“Inside are three separate filter banks, all covered by a pair of protective end caps reminiscent of stylish pickup truck grills. The caps and the filters behind them come off and go back on quickly with no tools required. There’s even a ‘change filter’ reminder light that comes on after 200 hours of use. The outer filter is a standard size 12 by 24 HVAC filter available at any home store, making it easy and inexpensive to change filters when needed. If you prefer, you can clean the filter many times before you need to replace it. I clean mine by sliding the filter into a garbage bag and tapping it to release the dust into the bag.
“Behind the first filter is a high efficiency inner bag filter with a huge surface area that traps 85 percent of 1 micron particles on each pass of air. It slides out as easily as the first filter, and can also be cleaned numerous times. Drawing the air through both these filters is a squirrel cage fan designed to work with the high efficiency induction motor to generate the greatest amount of airflow possible. In order to avoid stirring up more dust by dumping high speed air back into the shop, the exhaust air passes through a mesh screen filter that acts as a diffuser to gently reintroduce the clean air.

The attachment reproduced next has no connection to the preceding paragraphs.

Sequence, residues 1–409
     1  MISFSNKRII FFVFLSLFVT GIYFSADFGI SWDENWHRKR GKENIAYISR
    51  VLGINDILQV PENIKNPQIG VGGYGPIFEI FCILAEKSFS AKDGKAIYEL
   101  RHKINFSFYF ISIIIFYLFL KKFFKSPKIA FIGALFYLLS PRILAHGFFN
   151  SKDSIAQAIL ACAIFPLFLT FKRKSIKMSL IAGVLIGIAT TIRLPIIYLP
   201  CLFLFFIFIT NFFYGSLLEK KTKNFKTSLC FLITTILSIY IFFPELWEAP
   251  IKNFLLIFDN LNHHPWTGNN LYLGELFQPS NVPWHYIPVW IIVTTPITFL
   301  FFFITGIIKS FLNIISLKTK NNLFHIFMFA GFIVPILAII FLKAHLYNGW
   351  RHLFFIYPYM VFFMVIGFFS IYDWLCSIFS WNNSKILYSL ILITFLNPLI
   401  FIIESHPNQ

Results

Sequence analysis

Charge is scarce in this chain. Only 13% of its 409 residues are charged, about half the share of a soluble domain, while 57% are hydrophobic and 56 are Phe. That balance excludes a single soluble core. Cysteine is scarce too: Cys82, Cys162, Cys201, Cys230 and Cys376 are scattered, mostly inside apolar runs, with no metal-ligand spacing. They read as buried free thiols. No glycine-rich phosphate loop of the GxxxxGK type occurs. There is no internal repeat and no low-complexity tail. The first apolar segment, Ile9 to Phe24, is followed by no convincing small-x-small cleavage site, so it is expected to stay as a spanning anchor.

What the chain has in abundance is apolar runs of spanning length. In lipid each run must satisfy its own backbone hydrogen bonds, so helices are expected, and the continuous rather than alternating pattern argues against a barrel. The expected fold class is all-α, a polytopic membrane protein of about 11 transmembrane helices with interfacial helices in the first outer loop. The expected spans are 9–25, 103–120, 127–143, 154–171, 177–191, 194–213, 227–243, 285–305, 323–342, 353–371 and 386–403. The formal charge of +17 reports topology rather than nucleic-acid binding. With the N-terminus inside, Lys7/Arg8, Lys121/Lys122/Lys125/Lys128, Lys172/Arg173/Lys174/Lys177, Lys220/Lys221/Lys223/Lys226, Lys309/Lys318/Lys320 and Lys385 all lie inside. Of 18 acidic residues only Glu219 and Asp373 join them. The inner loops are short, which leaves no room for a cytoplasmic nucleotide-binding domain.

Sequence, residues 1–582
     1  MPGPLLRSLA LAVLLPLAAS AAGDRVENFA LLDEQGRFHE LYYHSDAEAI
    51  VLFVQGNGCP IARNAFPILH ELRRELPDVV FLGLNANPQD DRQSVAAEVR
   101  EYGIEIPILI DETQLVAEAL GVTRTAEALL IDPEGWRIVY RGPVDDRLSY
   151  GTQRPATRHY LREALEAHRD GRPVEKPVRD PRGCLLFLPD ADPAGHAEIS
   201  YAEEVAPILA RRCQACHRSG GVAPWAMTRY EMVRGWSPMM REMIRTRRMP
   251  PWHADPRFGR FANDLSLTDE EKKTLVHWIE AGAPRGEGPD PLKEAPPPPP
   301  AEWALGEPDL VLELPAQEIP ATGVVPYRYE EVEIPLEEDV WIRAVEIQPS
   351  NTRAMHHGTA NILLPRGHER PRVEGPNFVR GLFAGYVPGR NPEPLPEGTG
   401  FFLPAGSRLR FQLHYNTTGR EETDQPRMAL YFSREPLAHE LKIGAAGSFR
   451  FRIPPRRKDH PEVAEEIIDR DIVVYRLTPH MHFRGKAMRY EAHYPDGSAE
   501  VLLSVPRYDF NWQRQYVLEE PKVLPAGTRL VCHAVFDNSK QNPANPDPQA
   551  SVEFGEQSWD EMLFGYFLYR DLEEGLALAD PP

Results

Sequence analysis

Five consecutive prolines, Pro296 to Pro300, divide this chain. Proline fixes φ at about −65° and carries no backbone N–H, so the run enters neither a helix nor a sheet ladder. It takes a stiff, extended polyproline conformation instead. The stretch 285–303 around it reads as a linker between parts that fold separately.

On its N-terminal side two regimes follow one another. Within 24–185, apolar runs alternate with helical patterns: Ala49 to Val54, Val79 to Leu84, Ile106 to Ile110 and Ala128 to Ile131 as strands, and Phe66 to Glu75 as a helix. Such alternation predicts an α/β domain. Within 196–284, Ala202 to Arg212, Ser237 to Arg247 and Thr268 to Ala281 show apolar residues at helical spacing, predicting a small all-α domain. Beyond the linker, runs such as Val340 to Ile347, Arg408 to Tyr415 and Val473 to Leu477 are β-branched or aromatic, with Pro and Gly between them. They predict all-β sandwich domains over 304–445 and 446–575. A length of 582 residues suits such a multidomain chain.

“You should be cleaning the air at the rate of about once every 10 minutes if possible,” Barry explained, “and that’s a breeze for the PM1200 in most small shops. If your shop is the size of a typical two-car garage, it contains about 4,600 cubic feet. With the ability to move 1,200 cubic feet per minute, the PM1200 will clean the air in a shop that size in about four minutes, and will work well in a shop more than twice that size. Any bigger than that ,and you may need to start thinking about two units.
“When it comes to your health,” Barry insists, “you shouldn’t take chances. You need a system that performs well and is convenient enough to make you likely to use it. The Powermatic PM1200 AFS was created to do just that.”